On 24 November, Xylowatt will begin operating a gas generator at CHU UCL Namur. Fuelled by biomass, it will supply the hospital with heat and electricity. This is a direct consequence of 20 years of research at the Louvain School of Engineering.
When it came time in 2001 to christen the young spin-off born of research conducted by Professor Martin and his team, one name quickly stuck: Xylowatt. The combination of ‘xylo’, the prefix relating to wood, and ‘watt’, the unit of power or energy flow, perfectly captured the company’s goal: creating energy out of biomass, mainly wood. But what kind of energy and how? ‘I was a researcher at UCL on Professor Martin’s team in the 1990s’, recalls Frédéric Bourgois, one of the company’s co-founders. ‘I worked on gasification processes. But our goal wasn’t just scientific, it was also to exert an economic and environmental impact. We developed our technology over the seven years prior to Xylowatt’s creation. Then we continued working on two aspects: research at the university and industrial development at the company.’
Wood is an attractive fuel because it’s abundant and locally available, making it a significant energy source. But it has one major drawback: it’s a solid, which limits direct use. Indeed, it’s difficult to use it as fuel for an engine. ‘The value of gasification,’ explains Hervé Jeanmart, Professor at the Louvain School of Engineering (EPL) and member of the iMMC (Institute of Mechanics, Materials and Civil Engineering), ‘is converting solid biomass into gas. The conversion itself is efficient: the resulting gas contains nearly the same amount of energy as wood. It’s an energy-neutral process long used to convert coal into what’s called mains gas, originally used for street lighting. But converting from wood is more complex.’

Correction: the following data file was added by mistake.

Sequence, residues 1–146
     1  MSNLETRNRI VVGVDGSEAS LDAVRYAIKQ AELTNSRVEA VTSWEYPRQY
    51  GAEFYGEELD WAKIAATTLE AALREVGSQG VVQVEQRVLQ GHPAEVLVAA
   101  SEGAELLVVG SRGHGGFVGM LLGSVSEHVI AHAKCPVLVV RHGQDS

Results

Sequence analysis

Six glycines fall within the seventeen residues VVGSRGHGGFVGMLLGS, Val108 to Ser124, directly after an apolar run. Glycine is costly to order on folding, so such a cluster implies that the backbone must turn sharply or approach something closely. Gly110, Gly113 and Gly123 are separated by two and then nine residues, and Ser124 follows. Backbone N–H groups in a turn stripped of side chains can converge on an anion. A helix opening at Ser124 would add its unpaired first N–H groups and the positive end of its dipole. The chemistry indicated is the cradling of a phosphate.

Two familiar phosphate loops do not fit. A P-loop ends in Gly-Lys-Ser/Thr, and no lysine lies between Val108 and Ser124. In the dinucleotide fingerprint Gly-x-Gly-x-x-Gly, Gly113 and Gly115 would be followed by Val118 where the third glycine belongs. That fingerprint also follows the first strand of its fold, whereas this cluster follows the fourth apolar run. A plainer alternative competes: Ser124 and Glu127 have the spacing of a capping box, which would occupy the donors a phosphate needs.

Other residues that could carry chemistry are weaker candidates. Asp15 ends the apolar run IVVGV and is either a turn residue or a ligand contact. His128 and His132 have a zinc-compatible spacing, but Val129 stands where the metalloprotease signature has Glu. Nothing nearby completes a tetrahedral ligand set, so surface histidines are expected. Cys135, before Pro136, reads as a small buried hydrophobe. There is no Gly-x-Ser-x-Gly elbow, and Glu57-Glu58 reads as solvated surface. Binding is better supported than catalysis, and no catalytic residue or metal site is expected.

Wood is composed of cellulose and lignin chains, or, in chemical terms, carbon (about 50%), oxygen (42%), hydrogen (6%), nitrogen and minerals. To understand how tars form, combustion in a fireplace is a good starting point. Burning a log in a fireplace breaks these chains and produces natural gas, a process takes place in phases: first, it decomposes under the effect of heat (pyrolysis: when tall flames appear), which releases gaseous compounds as the log turns to charcoal; next, owing to the supply of oxygen, both the gas and charcoal burn (combustion: fewer flames but more intense heat). The released energy (heat) comes from the simultaneous combustion of pyrolytic gases and charcoal. One problem: imperfect pyrolytic product combustion produces tars that stick to the flue and cause chimney fires. Their polluting presence is far beyond anecdotal: tars can represent up to 50% of the initial dry mass. In gasification, they must be destroyed in order to obtain a clean gas.
‘Xylowatt developed the Notar process, whose name (“no tar”) is self-explanatory’, Mr Bourgois says. ‘Within the gas generator we physically separated the phases of pyrolysis, combustion and reduction of carbon combustion products. This is what sets Xylowatt apart from other gasification boiler companies.’ In concrete terms, in the pyrolysis zone of the gas generator, the wood decomposes into volatile matter (CHyOx pyrolytic gas) and charcoal (C). In the second part of the generator, the combustion or oxidation zone, air is injected in order to oxidize the gas into CO2 and H2O. Any tars are completely destroyed. Finally, in the third part of the generator, the reduction zone, the glowing charcoal reacts with the preceding stage’s combustion products (CO2 and H2O) to produce hydrogen (H2) and carbon monoxide (CO): the wood has become gas.